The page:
Retrolental fibroplasia (RLF) also known as Terry syndrome or retinopathy of prematurity (ROP), is an eye illness that affects premature newborns who are under neonatal critical care and oxygen therapy due to their premature lungs. This disease mostly affects the retinas of premature newborns.
Retinas are the light-sensitive inside lining of the eyes. The retinas of premature babies are not developed fully because the blood arteries that nourish them are not grown properly.
Retrolental Fibroplasia leads to many abnormalities among new-borns such as retinal detachment, retinal scarring, blindness, and hemorrhage. Some of the abnormalities vanish on their own in premature infants. But, infants with Retrolental Fibroplasia develop strabismus, near-sightedness, or such kinds of abnormalities in the future.
Retrolental Fibroplasia can be minor and resolve on its own, but in severe cases, it might result in blindness. Retrolental Fibroplasia affects all preterm newborns. The low body mass of the infant also contributes to the development of Retrolental Fibroplasia. The other factors that lead to the formation of retrolental fibroplasia are relative hypoxia and oxygen toxicity.
Retrolental Fibroplasia Mechanism
The mechanism of Retrolental Fibroplasia is as follows:
- After birth, all traces of the tunica vasculosa lentis vanish.
- The normal duration is between 2 and 3 weeks.
- The retinal arteries become convoluted and engorged in the third or fourth week of pregnancy. This shift affects the entire fundus or only a small portion of it.
- In the extreme periphery of the retina, little grey spots of retinal edema emerge. Hemorrhages or opaque bands develop into it.
- The vitreous becomes hazy, especially in the area of retinal edema patches. Hemorrhages or opaque bands develop into it.
- Retinal detachments become obvious in the affected areas. At first, these detachments are rather superficial, but over time, they gradually become more severe and more widespread.
- The posterior surface of the lens becomes vascularized due to the encroachment of the membrane.
- Development of Posterior synechiae takes place.
- The working of the eye is affected by the membrane.
Thus, the process of retrolental fibroplasia becomes stationary at certain phases if detected timely but if not diagnosed at the early stages this process leads to the end stage which is complete blindness.
Retrolental Fibroplasia Symptoms
Premature newborns with retinopathy of prematurity (ROP) have an abnormal and uncontrolled formation of new blood vessels mostly in the posterior of the eye (the retina). The retina is the deepest tissue layer in the back of the eye where images are focused. It (retina) contains nerve tissues through which the light images are transformed into nerve impulses and transmitted to the brain.
The retina of the eye works properly with the help of the blood vessels at the periphery of the retina. These blood vessels emerge from the center of the retina (i.e., around the optic nerve) during fetal development. The blood vessels are developed completely around 38 to 42 weeks. This is the period required for the proper formation of the blood vessels that helps in the working of the retina. Thus, Retrolental Fibroplasia is caused by aberrant blood vessel formation, which includes disorderly budding of retinal blood vessels and irregular interconnections.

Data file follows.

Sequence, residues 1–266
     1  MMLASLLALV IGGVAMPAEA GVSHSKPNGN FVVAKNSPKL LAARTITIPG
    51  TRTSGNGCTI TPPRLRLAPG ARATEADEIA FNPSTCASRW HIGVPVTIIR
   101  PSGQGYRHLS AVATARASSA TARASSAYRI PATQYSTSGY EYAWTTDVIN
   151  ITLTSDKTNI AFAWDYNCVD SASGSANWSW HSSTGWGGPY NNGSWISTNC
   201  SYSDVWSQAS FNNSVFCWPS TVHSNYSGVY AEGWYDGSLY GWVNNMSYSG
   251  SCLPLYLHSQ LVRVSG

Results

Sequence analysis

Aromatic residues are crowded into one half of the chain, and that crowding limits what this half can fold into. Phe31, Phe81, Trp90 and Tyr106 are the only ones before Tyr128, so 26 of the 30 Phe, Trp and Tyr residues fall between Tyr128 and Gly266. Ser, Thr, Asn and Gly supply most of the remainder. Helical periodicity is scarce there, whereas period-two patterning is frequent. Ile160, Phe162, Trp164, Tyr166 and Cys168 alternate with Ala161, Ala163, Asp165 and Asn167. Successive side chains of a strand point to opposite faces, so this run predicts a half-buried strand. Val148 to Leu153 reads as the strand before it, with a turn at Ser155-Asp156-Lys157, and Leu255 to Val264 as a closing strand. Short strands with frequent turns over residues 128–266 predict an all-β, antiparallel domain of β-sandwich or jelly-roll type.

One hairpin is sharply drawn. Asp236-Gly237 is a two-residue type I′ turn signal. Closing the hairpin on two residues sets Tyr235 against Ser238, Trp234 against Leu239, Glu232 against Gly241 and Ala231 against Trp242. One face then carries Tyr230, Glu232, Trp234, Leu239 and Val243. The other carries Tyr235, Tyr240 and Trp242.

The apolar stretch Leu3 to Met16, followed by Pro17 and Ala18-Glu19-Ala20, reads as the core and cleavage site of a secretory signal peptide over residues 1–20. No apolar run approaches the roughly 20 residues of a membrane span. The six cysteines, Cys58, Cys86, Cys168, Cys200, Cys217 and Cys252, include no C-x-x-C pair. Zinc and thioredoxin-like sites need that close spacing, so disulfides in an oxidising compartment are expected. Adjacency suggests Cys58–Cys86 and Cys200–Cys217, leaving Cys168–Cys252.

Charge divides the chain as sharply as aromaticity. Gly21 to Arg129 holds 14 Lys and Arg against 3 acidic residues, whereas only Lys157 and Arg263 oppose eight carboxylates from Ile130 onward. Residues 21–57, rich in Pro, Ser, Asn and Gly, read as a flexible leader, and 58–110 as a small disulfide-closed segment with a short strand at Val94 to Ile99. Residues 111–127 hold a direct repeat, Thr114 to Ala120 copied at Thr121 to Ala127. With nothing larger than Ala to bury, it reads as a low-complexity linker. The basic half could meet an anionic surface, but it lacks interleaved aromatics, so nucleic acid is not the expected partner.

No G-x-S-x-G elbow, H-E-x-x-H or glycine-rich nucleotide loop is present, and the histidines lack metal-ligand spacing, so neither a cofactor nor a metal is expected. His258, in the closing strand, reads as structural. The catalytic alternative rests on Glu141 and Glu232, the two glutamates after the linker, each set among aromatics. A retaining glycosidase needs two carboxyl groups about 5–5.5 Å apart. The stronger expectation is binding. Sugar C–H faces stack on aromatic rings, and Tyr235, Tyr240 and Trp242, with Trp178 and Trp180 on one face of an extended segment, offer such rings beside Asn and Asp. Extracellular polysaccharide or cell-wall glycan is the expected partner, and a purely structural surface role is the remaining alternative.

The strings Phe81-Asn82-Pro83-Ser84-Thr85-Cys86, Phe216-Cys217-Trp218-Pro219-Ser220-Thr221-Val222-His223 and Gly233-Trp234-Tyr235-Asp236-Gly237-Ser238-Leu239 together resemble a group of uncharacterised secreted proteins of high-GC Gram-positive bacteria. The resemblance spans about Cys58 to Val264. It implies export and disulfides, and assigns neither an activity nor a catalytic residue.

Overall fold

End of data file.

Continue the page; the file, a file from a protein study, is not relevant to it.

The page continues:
Retrolental Fibroplasia Causes
The following are considered the risk factors for Retrolental Fibroplasia:
- The improper development of retinal blood vessels in preterm newborns.
- Lack of retinal neuronal and vascular growth.
- Lower gestational ages and birth weights.
- Postnatal hazards such as hyperglycemia, sepsis, excessive or fluctuating oxygen levels, and the need for blood transfusions.
- Premature babies whose weight is 3 pounds are prone to retrolental fibroplasia.
- Hyperoxia (high oxygen concentrations) during the newborn period, which is, unfortunately, necessary to keep the newborn alive because of the premature lungs’ inability to exchange oxygen efficiently, appears to increase the risk of retrolental fibroplasia.
- Abrupt occurrences of unregulated electrical activity within the brain.
- Repeated occurrences of a heart rate that are significantly slower than normal.
Retrolental Fibroplasia Treatment
Retrolental fibroplasia is treated with the help of medical professionals, ophthalmologists, pediatricians, health care professionals, and neonatologists. The following treatment options are available for the disease:
- Laser therapy.
Both therapies damage the retina’s outer portions, which may result in some side vision loss, although this is a minor drawback compared to the substantial loss of vision. The other new therapy is utilized for severe cases of Retrolental Fibroplasia. This new therapy is known as pharmacological therapy. It consists of Intravitreal injections of anti-vascular endothelial growth factor. The additional procedures are also used to treat retrolental fibroplasia in certain circumstances such as surgery and corrective glasses.